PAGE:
Washington D.C. (PRWEB) July 22, 2014
Legislation backed by the drugstore lobby (H.R. 4577, “Ensuring Seniors Access to Local Pharmacies Act of 2014”) championing so-called “any willing pharmacy” mandates in Medicare Part D would undermine the availability of lower cost preferred pharmacy networks and increase Medicare spending by $21 billion over the next 10 years, according to new research from The Moran Company released by the Pharmaceutical Care Management Association (PCMA).
The drugstore lobby targets “medically underserved” areas that have nothing to do with pharmacy access and are defined so broadly that they encompass 95% of all Medicare beneficiaries. By mandating that “any willing pharmacy” be included in preferred networks in these areas, the bill would gut the ability of plans to negotiate lower cost preferred pharmacy options for virtually all Medicare beneficiaries.
As the study notes, “there is not necessarily a relationship between the underserved areas targeted in the legislation and pharmacy access. The targeted underserved areas are identified by primary medical care, dental or mental health providers, without regard to pharmacy access.” Likewise, the study finds that preferred pharmacies would “discontinue discounting since such discounts would no longer be a requirement for preferred network participation.”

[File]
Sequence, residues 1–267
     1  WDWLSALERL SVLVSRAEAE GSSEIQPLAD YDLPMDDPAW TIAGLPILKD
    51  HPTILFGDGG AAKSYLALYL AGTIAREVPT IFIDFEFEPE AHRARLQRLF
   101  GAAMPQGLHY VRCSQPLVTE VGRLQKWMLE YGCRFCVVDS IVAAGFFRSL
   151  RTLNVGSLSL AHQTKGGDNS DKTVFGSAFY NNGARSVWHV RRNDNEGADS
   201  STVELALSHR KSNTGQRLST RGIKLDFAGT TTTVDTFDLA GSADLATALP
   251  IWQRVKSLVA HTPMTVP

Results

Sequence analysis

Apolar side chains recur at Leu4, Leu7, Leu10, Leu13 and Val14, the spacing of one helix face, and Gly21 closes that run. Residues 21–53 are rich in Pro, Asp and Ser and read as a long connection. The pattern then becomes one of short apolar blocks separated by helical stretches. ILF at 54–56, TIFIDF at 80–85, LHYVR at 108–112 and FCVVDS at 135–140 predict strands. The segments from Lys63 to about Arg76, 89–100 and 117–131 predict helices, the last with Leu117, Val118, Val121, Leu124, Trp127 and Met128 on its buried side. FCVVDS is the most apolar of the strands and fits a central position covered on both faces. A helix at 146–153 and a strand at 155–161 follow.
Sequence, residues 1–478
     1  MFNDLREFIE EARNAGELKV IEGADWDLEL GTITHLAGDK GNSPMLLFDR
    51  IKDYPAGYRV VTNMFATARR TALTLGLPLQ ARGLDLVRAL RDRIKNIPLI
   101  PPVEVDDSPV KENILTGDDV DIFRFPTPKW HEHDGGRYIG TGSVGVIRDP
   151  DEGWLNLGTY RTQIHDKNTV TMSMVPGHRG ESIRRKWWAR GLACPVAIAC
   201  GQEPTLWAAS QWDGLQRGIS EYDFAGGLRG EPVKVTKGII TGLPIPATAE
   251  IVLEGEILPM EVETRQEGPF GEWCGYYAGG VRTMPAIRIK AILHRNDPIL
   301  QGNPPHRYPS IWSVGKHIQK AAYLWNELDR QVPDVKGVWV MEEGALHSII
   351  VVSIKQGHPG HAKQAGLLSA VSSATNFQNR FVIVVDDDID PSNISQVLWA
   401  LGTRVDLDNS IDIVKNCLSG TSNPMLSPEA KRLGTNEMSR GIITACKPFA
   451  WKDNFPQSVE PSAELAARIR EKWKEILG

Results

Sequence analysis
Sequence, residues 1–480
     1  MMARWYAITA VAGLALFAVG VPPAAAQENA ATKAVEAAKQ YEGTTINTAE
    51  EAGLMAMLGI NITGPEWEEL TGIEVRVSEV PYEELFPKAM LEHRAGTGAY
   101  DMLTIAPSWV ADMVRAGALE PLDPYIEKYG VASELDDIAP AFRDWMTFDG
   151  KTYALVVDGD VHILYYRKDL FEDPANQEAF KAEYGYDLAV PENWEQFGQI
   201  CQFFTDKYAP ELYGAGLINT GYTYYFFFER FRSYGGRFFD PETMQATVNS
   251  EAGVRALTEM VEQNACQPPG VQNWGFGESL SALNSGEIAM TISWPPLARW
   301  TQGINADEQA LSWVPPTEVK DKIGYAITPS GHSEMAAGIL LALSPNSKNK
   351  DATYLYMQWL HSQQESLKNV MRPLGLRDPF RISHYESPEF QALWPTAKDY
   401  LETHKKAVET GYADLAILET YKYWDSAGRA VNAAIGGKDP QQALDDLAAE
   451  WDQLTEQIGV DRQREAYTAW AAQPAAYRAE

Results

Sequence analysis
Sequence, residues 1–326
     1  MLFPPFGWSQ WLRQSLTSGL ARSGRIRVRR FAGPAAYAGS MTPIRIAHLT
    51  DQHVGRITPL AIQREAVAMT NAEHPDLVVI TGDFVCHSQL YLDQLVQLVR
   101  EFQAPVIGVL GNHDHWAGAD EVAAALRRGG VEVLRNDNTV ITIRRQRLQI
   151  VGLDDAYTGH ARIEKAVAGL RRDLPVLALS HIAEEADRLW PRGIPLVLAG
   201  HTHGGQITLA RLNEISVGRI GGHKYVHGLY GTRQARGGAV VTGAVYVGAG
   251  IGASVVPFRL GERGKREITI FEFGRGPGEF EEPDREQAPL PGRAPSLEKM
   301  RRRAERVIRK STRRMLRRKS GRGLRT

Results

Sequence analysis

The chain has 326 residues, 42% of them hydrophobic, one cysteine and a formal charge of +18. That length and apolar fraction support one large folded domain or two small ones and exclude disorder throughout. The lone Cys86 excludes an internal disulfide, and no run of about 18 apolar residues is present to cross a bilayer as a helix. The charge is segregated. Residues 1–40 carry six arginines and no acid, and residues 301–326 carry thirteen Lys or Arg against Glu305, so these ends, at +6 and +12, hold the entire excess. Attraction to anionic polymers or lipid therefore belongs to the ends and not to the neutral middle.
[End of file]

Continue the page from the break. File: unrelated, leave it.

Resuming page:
Click here to read the study.
Today, the United States has more pharmacies than McDonald’s, Wendy’s, Burger Kings, Pizza Huts, Taco Bells, KFCs, Domino’s Pizza and Dunkin’ Donuts combined.
Key findings from The Moran Company study include:
The Federal Trade Commission (FTC) recently wrote a letter to the Centers for Medicare and Medicare Services (CMS) on any willing pharmacy provisions included in the agency’s Medicare Part D rule. The FTC warned that:
“The proposed any willing pharmacy provisions threaten the effectiveness of selective contracting with pharmacies as a tool for lowering costs. Requiring prescription drug plans to contract with any willing pharmacy would reduce the ability of plans to obtain price discounts based on the prospect of increased patient volume and thus impair the ability of prescription drug plans to negotiate the best prices with pharmacies.
“Evidence suggests that prescription drug prices are likely to rise if Prescription Drug Plans (“PDPs”) are less able to assemble selective pharmacy networks. The proposed provisions may also hinder the ability of plans to steer beneficiaries to lower-cost, preferred pharmacies and preferred mail order.”